I’ve never been the type of person who fully understands the quirks of Japanese games. While I certainly can understand fans’ love for the uniquely oddball ideas that make up the foundation of most Japanese creation, I’ve only just begun to immerse myself in the style, falling in love with games like Catherine and shows like Psycho-Pass in recent years. However, entering the world of Onechanbara Z2: Chaos feels like deep-sea diving into shark infested waters after confidently toeing a puddle for a few minutes.
While I will chalk some of my confusion up to culture shock, it should also be worth mentioning that Chaos is the eleventh game in an ongoing series, counting mobile games and updates. It also has the distinction of only being the second in the series to be released here in the West, with the first coming out six years ago and garnering decidedly negative reviews.
Although I’ve never spent any time with the Onechanbara titles, I can safely say that Chaos isn’t half bad. It’s far from great, and it definitely displays a dearth of content, but its core is solid.
The story begins in media res, with two pairs of sisters brawling in a throne room before the ground swallows them up and dumps them in underground caves full of zombies. I honestly can’t say why this happens or where in the world they are, but the game itself hardly devotes any time to the story, so maybe it’s for the best that we don’t, either.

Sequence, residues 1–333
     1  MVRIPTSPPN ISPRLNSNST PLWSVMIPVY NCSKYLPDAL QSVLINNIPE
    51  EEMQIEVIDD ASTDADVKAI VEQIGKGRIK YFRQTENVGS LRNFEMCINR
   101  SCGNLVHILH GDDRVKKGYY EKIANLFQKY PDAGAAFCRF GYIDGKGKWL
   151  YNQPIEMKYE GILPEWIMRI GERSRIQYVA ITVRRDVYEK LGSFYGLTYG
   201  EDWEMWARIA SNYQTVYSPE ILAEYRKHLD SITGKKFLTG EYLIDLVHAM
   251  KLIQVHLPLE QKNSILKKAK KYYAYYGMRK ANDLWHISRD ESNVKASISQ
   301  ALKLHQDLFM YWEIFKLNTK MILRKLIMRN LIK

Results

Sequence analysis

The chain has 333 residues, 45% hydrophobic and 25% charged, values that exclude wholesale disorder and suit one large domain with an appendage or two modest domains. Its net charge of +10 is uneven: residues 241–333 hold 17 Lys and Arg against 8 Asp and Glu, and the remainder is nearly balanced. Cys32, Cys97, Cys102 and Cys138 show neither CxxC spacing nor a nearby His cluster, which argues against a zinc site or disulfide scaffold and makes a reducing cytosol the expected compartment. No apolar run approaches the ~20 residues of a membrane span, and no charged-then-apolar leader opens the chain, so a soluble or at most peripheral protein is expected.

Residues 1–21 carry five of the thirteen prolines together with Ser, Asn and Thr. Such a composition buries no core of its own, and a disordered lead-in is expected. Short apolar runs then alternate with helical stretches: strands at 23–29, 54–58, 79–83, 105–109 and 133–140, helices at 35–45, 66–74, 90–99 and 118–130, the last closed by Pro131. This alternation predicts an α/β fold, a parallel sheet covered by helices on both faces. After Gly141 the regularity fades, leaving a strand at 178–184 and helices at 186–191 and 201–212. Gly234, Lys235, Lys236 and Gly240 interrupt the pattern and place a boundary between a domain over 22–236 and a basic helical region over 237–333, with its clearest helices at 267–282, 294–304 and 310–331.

Chaos follows two pairs of sisters: Aya and Saki, from the Baneful clan, and Kagura and Saaya, who are vampires. The two factions are constantly at war, but these four set aside their differences to fight back against a tide of undead sweeping across the world. Aside from minor aesthetic differences and choice of weapon, it was surprisingly difficult to tell the four apart, especially since all of their dialogue rested somewhere on the scale from sweetly naive to obnoxiously sarcastic.
It feels unfair to pick on the story or characterization, though, since us westerners are only meeting them for the second time. Luckily, the actual game devotes almost all of its time to gameplay, throwing you into twenty stages of fast-paced action with barely any exposition in between to slow you down. Onechanbara Z2: Chaos takes the hack-and-slash approach to the zombie outbreak, setting up each character with two weapons that slice through the undead at a breakneck speed. Ranging from standard swords to an unwieldy chainsaw, it goes without saying that blood is always spurting out of the baddies that constantly fill the screen.
Each stage is basically just an arena that is immediately filled with a large number of enemies that must be slain before you are graded and allowed to move on to the next arena. It’s an uninspired set up, and the environments are never very impressive, as they’re usually made up extremely short and linear paths that don’t have much in the way of scenery to look at.